Thursday, December 9, 2010

The Curse of the Nonexistent Dinosaurs

You all probably remember Darwinius, that little extinct primate that caused such a huge fuss last year (the image at left is from the original paper). In addition to the massive hyperbole surrounding the specimen (much of which has now been tempered by additional analyses from other researchers), an early issue concerned the validity of the name Darwinius itself.

Scientific names for new animals, living or extinct, are governed by a set of rules from the International Commission on Zoological Nomenclature (ICZN). This body - which has no real authority, other than that granted it by us scientists - is by its nature a rather conservative entity. This isn't necessarily a bad thing, particularly because stability in our naming system is so critically important. When I say Kosmoceratops richardsoni, everyone else should know I'm talking about. But, this conservatism also means that the ICZN has been very, very slow to react to electronic publishing. Right now, names published in electronic-only form are not valid! A paper version, even if it is otherwise identical to the electronic version, must be created (although the ICZN is working to change this).

So back to Darwinius. . .when the name was initially published, it was only in electronic form, and thus not "real" in the eyes of the ICZN. Vigilant eyes noted this, and the problem was rapidly broadcast in the blogosphere. Some wags suggested naming Darwinius out from under the authors, but thankfully cooler heads prevailed. PLoS ONE, the journal in which Darwinius was published, was able to produce a paper copy of the article in order to satisfy the ICZN. It took a few days, but finally Darwinius was "real"!

Thankfully, PLoS ONE learned its lesson. Their publication policies (full disclosure: I am an editor there) have been revised to accommodate the needs of the ICZN, and all is happy now. Or is it?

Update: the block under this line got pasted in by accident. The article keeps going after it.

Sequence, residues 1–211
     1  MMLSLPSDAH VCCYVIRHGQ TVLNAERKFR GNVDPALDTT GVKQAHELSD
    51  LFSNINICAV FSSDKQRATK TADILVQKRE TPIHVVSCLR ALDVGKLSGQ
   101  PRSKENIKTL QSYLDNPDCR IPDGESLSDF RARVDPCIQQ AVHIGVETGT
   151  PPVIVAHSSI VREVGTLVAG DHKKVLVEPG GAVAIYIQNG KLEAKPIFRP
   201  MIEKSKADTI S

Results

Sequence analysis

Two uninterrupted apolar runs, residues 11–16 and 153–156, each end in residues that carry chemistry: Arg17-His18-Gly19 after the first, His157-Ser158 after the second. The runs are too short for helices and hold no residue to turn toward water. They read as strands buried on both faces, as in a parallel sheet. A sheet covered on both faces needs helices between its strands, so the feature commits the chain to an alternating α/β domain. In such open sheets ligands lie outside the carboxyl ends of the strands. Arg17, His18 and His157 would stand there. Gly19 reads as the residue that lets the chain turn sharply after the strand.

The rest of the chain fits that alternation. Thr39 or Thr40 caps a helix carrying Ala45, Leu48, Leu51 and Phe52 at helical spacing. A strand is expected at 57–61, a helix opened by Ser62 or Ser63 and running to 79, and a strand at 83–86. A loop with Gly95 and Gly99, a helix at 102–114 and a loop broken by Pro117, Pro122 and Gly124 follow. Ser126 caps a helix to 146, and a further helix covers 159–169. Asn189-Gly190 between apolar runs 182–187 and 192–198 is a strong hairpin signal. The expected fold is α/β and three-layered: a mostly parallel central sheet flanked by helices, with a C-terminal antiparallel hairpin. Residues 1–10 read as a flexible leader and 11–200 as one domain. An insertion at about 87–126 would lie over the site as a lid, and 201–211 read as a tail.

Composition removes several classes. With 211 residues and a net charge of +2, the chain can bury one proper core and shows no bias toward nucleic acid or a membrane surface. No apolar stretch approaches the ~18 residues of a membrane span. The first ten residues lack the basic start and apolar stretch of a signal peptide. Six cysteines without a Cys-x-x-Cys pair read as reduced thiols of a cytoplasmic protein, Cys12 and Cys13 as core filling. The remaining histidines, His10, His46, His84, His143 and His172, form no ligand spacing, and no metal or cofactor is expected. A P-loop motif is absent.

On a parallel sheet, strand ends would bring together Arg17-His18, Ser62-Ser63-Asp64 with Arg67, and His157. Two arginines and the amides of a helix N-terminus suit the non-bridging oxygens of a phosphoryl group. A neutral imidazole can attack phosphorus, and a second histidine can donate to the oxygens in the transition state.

It turns out that other journals haven't necessarily learned this tough lesson. Time and again, scientific names invalid in the eyes of the ICZN are being published by some pretty major journals. This "zombie nomenclature" walks among us, even today. Here are just two examples.

On September 17, 2009, Science posted a preprint of a paper naming a new small tyrannosaur, Raptorex kriegsteini. As near as I can tell, this name existed only in electronic form at the time, and thus was not yet valid in the eyes of the ICZN. Raptorex was very well publicized (and rightfully so - it's a neat specimen), yet no paper edition appeared until October 16, 2009 - a month later. For four weeks, the name Raptorex was in taxonomic limbo.

Koreaceratops (image by Nobu Tamura)
This early horned dinosaur is hot off the digital presses. As you can probably guess, it hails from South Korea, and the authors hypothesize that it may have been aquatic. Koreaceratops appeared on November 17, 2010, as an online preprint at Naturwissenschaften, and some media attention started popping up earlier this week. Yet. . .the name is not yet valid in the eyes of the ICZN! Until Koreaceratops appears on the printed pages of that journal, the name has no real weight. Hopefully this will get resolved soon!

Cryptovenator (image by Charles R. Knight)
Dinosaurs (and Darwinius) aren't the only organisms afflicted by digital naming issues. On September 16, 2010, the genus Cryptovenator appeared on the website for Acta Palaeontologica Polonica, as a new kind of early synapsid (closely related to the fin-backed Dimetrodon, depicted at right). It hasn't yet appeared in print - so remains "undead" according to the ICZN.

Some Thoughts
The rise of online pre-prints is a Good Thing. It speeds the flow of scientific information in a way that just wasn't possible before. Yet, it also creates a bit of a headache for authors. The window of time between pre-printing and real-printing is a dangerous place for a new scientific name. Although the threat is slight, there is nothing to stop someone from accidentally or intentionally "scooping" the rightful authors. As near as I can tell, the proposed ICZN rules won't do anything to fix the situation, either.

So, what solutions are there?
  1. Don't publish pre-prints of papers with nomenclatural acts. This is the simplest solution in some ways, but also produces the undesirable effect of slowing down scientific communication. Canadian Journal of Earth Sciences has adopted this strategy (hat-tip to Hans-Dieter Sues for the reminder on this one).
  2. Petition the ICZN to give priority to the first appearance of the name in the first widely disseminated pre-print of a paper. This would be a nightmare on multiple levels - an addendum to the Code could take years, and how would one decide which version of a paper containing a name is the authoritative one?
  3. Continue to publish pre-prints, assume that all is going to be well, and worry about it when something bad happens (taxonomic scooping, perhaps?). Highly undesirable, but basically the course of action that we're on now.